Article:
Because the best kind of hugs are … “group hugs,” said Keaton.
Samuel Rose, now a Boise State student, waxes eloquent. “When you’re hugging for at least 20 seconds, it releases oxytocin in the body and that allows you to calm down a little bit and allows you to get closer with one another,” he says. “So it’s about bringing the community close to one another.
“Sometimes we’ll have people come and hug each other that aren’t even part of our group — and it’s just a beautiful thing to see.”
Rose graduated last year and he joins his friends at The Grove as often as he can. But wait a minute — a 20-second hug?
“They’re pretty rare,” he admits. “But it happens. They’re so great.”
‘Nobody should feel alone’
Poe, the original organizer, is not a naturally effusive extrovert. Add strangers to the mix and free hugs for anyone was a challenge for him.
“(But it is) helping me feel more comfortable with myself in general,” he says. “It reaffirms the idea that everybody’s connected in one way or the other. I like to look at life that way: Nobody’s just alone. And nobody should feel alone.”
However, sometimes it’s easy to get lost, even among lots of people.
“Much as I love Boise and the efforts a lot of people have put into making it feel like a tight community,” he says, “I really feel like with the rate at which it’s growing, it’s losing that feeling really quickly.”
After their evenings of giving out hugs, however, his view has shifted. “It revived that feeling of community,” he says. “It made us feel as though we were part of everything that was going on. We want other people to feel the same way.”
‘Kindness brings us closer’
Giving out free hugs is not a Timberline-exclusive idea.
Ken Nwadike, a Californian who missed the qualifying time for the 2014 Boston Marathon by 23 seconds, made viral history by attending the marathon anyway and standing on the course with his T-shirt, his “free hugs” sign and a video camera.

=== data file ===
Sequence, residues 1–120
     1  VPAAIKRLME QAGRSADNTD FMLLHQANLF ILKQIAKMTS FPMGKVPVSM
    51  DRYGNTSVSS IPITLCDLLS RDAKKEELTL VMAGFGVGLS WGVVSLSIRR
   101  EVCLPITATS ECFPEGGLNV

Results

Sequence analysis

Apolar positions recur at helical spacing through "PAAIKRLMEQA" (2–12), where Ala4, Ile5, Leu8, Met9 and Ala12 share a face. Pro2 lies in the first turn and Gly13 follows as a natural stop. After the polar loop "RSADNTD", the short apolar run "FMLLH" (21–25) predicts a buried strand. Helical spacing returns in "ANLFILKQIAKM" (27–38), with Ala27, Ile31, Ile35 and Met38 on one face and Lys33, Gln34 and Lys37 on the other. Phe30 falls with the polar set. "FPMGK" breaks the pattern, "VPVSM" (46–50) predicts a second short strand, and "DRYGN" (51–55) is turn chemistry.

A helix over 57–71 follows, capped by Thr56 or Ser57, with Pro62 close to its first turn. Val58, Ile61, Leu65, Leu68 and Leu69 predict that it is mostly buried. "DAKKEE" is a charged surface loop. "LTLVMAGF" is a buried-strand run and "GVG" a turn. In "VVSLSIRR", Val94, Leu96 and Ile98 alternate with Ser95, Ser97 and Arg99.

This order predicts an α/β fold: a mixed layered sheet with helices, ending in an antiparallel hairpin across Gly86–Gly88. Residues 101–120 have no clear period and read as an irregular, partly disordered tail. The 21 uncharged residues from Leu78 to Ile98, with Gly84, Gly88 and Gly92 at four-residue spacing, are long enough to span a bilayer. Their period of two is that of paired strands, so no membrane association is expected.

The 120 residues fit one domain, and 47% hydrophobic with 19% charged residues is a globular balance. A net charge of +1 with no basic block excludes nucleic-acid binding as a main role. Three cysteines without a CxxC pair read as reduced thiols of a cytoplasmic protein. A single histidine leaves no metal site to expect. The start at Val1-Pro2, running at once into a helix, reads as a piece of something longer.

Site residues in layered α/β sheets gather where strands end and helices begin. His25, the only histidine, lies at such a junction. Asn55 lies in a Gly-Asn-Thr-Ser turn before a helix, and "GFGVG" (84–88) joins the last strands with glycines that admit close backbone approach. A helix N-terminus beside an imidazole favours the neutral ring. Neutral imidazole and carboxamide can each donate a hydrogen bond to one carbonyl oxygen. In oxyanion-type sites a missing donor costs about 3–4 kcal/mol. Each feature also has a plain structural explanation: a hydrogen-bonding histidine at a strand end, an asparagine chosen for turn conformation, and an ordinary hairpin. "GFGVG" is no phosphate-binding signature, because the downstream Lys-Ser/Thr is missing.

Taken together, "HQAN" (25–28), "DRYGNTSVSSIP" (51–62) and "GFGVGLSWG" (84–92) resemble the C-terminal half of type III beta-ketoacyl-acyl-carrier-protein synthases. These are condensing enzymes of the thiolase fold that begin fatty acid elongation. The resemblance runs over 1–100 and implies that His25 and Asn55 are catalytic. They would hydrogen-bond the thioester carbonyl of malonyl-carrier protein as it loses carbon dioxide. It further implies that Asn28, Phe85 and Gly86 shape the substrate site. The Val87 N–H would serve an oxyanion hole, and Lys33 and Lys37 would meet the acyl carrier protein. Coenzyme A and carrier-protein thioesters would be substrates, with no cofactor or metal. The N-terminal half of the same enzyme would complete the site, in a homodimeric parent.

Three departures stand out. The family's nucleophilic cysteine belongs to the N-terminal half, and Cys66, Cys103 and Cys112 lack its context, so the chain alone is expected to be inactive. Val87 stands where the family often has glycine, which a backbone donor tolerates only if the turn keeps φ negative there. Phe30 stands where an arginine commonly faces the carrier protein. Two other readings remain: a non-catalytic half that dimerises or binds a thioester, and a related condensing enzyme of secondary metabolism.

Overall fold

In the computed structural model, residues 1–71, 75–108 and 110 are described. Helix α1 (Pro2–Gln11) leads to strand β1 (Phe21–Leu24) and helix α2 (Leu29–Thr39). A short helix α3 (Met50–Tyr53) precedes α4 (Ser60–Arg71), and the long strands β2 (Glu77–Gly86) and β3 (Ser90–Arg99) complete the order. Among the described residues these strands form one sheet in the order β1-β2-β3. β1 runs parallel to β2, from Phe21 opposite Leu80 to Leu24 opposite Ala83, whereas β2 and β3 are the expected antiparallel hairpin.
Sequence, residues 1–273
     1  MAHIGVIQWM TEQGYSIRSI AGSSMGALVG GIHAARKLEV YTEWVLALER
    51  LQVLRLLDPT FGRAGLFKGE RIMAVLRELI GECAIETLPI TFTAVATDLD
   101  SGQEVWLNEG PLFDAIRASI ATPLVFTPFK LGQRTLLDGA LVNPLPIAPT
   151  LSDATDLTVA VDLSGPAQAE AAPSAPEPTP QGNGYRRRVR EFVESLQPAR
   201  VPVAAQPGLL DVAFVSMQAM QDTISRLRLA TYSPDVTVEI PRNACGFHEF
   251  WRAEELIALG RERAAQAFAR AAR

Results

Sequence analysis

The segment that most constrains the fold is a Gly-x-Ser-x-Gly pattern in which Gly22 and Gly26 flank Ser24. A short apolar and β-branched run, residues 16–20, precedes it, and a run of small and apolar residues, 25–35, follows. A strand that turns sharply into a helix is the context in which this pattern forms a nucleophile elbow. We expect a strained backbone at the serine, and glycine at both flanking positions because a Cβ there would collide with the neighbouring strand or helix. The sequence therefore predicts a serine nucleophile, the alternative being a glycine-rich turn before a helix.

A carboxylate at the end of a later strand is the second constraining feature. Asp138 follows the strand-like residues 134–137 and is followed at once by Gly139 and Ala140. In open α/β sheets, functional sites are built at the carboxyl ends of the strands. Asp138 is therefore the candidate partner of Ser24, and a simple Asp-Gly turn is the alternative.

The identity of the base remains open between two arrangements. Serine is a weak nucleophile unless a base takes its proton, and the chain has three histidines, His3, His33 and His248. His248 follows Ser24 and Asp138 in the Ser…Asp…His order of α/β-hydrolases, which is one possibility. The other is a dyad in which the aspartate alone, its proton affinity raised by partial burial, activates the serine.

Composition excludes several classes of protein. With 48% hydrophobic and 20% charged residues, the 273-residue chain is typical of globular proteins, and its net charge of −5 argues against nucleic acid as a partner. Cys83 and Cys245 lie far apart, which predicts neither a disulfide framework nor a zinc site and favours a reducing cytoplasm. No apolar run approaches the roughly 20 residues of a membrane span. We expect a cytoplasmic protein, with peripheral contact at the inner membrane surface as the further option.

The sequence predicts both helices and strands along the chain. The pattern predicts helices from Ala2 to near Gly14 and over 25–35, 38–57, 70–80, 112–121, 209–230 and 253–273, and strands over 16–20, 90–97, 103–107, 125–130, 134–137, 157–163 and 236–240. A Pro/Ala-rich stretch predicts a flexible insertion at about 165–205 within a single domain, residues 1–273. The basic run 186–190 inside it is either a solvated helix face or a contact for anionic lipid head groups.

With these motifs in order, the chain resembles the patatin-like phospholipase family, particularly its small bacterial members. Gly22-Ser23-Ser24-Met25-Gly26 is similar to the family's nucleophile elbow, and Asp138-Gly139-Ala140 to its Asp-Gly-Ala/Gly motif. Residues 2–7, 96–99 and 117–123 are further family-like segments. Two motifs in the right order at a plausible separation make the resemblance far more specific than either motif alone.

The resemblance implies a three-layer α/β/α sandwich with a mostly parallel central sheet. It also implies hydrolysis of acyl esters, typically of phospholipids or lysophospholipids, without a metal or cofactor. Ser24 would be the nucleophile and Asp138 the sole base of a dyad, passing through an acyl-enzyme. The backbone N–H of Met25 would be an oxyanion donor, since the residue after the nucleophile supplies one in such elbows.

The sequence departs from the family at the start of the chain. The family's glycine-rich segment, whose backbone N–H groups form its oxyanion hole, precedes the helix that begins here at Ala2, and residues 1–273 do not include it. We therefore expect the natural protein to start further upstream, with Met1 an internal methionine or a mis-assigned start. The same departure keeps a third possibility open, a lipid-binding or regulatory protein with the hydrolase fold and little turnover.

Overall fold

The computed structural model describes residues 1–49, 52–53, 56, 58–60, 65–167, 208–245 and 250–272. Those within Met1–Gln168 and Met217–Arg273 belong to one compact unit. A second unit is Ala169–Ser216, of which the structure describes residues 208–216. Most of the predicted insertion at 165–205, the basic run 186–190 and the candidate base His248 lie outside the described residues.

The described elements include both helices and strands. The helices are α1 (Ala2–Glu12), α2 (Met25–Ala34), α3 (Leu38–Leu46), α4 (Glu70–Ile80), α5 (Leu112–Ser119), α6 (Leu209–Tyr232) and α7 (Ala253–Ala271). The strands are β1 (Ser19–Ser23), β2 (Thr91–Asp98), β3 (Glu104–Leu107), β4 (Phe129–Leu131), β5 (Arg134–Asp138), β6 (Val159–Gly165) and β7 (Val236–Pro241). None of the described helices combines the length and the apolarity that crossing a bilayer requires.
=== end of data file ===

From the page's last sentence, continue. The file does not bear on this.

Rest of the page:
“That’s what kind of sparked (us),” says Rose. Nwadike’s video planted a seed in Wolf Connection students, and it’s kind of an inspiration for how big they might dream.
“I mean,” says Rose, “if that video can reach us, why can’t our videos reach them? … People joining in in other places and parts of the world — I think we could just all group together and give out hugs.”
And then there’s the question of what is a hug? Such a little thing. Such an inconsequential thing, compared with the weight of the world. And yet — maybe not.
“I feel like hugs can be a very important stop to people sharing with each other,” says Mills. “Kindness brings us closer together and it makes the community feel closer.
“Hugs, even though seeming like a small thing, are a really huge part of that human interaction that we don’t always get with people, especially strangers. …
“I would like to think that hugs are a (really) big deal.”
Across the plaza, a woman gets a hug from Rose. “What are the hugs for?” she asks.
“You,” he replies.
Want a free hug?
The Timberline Wolf Connection students and friends are taking a winter break. Free hugs will resume in the spring.